Python Style Guide

This guide starts out with our general Python coding style guidelines and ends with a section on how we write & run (Python) tests.

General Python Coding Style Guidelines

Our starting point is PEP8, the standard “Style Guide for Python Code.” Many Python IDEs will check your code against PEP8. (Note that PEP8 isn’t frozen; it actually changes over time, but slowly.)

BigchainDB uses Python 3.5+, so you can ignore all PEP8 guidelines specific to Python 2.

We use pre-commit to check some of the rules below before every commit but not everything is realized yet. The hooks we use can be found in the .pre-commit-config.yaml file.

Python Docstrings

PEP8 says some things about docstrings, but not what to put in them or how to structure them. PEP257 was one proposal for docstring conventions, but we prefer Google-style docstrings instead: they’re easier to read and the napoleon extension for Sphinx lets us turn them into nice-looking documentation. Here are some references on Google-style docstrings:

Maximum Line Length

PEP8 has some maximum line length guidelines, starting with “Limit all lines to a maximum of 79 characters” but “for flowing long blocks of text with fewer structural restrictions (docstrings or comments), the line length should be limited to 72 characters.”

We discussed this at length, and it seems that the consensus is: try to keep line lengths less than 79/72 characters, unless you have a special situation where longer lines would improve readability. (The basic reason is that 79/72 works for everyone, and BigchainDB is an open source project.) As a hard limit, keep all lines less than 119 characters (which is the width of GitHub code review).

Single or Double Quotes?

Python lets you use single or double quotes. PEP8 says you can use either, as long as you’re consistent. We try to stick to using single quotes, except in cases where using double quotes is more readable. For example:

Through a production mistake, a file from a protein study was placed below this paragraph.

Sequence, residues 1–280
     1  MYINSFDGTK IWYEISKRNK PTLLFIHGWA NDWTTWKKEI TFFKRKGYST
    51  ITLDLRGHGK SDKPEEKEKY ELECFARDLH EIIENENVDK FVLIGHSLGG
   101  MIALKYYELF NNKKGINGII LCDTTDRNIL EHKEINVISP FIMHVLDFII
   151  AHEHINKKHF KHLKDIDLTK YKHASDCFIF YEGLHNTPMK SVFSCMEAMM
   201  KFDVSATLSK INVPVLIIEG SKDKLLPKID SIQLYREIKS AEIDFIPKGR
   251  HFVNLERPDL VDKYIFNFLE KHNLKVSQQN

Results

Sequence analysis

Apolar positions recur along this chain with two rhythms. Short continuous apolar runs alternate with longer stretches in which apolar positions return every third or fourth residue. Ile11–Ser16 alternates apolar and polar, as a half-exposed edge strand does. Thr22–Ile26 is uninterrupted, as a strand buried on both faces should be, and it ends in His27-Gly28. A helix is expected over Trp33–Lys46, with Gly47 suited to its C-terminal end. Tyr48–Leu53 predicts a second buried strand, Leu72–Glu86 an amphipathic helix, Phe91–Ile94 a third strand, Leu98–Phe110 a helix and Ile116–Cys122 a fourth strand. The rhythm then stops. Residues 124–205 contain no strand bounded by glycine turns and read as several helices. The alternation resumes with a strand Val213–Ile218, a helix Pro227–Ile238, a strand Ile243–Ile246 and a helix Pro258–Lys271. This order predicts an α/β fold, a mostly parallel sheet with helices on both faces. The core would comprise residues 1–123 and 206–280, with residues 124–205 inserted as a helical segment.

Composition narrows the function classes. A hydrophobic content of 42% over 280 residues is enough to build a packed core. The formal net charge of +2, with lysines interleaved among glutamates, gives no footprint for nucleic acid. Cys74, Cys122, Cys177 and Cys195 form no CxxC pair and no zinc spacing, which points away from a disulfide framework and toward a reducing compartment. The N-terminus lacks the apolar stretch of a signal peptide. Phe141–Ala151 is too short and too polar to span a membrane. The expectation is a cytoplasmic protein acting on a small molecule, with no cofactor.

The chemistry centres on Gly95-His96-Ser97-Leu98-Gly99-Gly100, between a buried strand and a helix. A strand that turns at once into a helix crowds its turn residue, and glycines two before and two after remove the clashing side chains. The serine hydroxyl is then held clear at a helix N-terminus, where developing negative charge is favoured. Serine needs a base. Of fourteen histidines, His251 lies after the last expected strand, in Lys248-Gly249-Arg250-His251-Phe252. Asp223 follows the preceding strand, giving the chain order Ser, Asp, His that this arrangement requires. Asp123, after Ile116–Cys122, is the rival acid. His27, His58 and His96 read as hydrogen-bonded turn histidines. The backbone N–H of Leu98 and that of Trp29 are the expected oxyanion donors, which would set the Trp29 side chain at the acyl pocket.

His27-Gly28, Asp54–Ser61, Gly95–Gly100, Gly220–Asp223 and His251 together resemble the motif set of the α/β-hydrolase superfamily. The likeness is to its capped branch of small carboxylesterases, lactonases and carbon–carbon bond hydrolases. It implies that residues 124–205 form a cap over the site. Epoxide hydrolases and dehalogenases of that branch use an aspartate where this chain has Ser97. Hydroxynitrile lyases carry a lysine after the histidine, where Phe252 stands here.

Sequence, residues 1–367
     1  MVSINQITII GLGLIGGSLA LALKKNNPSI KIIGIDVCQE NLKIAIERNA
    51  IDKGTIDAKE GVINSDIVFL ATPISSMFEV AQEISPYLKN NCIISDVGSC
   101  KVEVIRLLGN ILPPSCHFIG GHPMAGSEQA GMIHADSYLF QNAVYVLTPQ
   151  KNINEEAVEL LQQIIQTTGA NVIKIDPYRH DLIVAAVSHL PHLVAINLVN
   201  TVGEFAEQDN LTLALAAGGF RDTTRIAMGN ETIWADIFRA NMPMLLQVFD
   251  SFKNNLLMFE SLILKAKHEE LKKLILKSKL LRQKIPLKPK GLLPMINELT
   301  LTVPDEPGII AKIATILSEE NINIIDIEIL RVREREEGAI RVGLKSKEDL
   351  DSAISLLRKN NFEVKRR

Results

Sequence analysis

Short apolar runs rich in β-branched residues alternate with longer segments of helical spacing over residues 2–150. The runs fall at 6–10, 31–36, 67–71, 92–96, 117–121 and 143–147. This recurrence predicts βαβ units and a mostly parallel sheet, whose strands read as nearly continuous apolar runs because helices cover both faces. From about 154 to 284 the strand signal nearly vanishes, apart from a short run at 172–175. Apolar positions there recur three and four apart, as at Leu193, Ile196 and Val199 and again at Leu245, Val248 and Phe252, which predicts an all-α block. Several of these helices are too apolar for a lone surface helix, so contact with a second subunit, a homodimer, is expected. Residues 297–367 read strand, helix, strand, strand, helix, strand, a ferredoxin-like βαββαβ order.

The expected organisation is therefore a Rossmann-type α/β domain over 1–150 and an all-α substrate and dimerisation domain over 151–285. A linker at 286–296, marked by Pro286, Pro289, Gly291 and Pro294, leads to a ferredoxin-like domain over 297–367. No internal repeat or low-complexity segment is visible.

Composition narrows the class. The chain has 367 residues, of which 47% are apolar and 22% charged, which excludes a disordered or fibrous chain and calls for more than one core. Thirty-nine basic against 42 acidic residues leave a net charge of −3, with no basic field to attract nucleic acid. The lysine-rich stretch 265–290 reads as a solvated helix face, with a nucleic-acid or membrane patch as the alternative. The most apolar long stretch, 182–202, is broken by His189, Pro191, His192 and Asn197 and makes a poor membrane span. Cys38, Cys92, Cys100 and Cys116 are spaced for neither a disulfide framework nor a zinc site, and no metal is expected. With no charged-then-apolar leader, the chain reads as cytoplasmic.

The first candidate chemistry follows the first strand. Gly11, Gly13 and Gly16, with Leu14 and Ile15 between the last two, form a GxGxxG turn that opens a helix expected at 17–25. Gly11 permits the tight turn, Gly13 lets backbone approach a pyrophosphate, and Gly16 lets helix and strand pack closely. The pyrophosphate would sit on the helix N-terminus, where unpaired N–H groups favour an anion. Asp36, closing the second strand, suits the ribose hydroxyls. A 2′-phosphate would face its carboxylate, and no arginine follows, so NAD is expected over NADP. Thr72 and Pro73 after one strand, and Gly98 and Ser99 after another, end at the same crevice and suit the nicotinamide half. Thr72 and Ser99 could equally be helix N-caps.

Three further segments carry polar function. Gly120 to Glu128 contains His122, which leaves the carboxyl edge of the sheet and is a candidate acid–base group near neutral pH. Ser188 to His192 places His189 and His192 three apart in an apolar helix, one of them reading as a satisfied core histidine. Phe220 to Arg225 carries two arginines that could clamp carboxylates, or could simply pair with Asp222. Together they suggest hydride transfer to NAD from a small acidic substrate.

print('This doesn\'t look so nice.')
print("Doesn't this look nicer?")

Breaking Strings Across Multiple Lines

Should we use parentheses or slashes (\) to break strings across multiple lines, i.e.

my_string = ('This is a very long string, so long that it will not fit into just one line '
             'so it must be split across multiple lines.')
# or
my_string = 'This is a very long string, so long that it will not fit into just one line ' \
            'so it must be split across multiple lines.'

It seems the preference is for slashes, but using parentheses is okay too. (There are good arguments either way. Arguing about it seems like a waste of time.)

How to Format Long import Statements

If you need to import lots of names from a module or package, and they won’t all fit in one line (without making the line too long), then use parentheses to spread the names across multiple lines, like so:

from Tkinter import (
    Tk, Frame, Button, Entry, Canvas, Text,

# Or

from Tkinter import (Tk, Frame, Button, Entry, Canvas, Text,
                     LEFT, DISABLED, NORMAL, RIDGE, END)

For the rationale, see PEP 328.

Using the % operator or format() to Format Strings

Given the choice:

x = 'name: %s; score: %d' % (name, n)
# or
x = 'name: {}; score: {}'.format(name, n)

we use the format() version. The official Python documentation says, “This method of string formatting is the new standard in Python 3, and should be preferred to the % formatting described in String Formatting Operations in new code.”

Running the Flake8 Style Checker

We use Flake8 to check our Python code style. Once you have it installed, you can run it using:

flake8 --max-line-length 119 bigchaindb/

Writing and Running (Python) Tests

The content of this section was moved to bigchaindb/tests/

Note: We automatically run all tests on all pull requests (using Travis CI), so you should definitely run all tests locally before you submit a pull request. See the above-linked README file for instructions.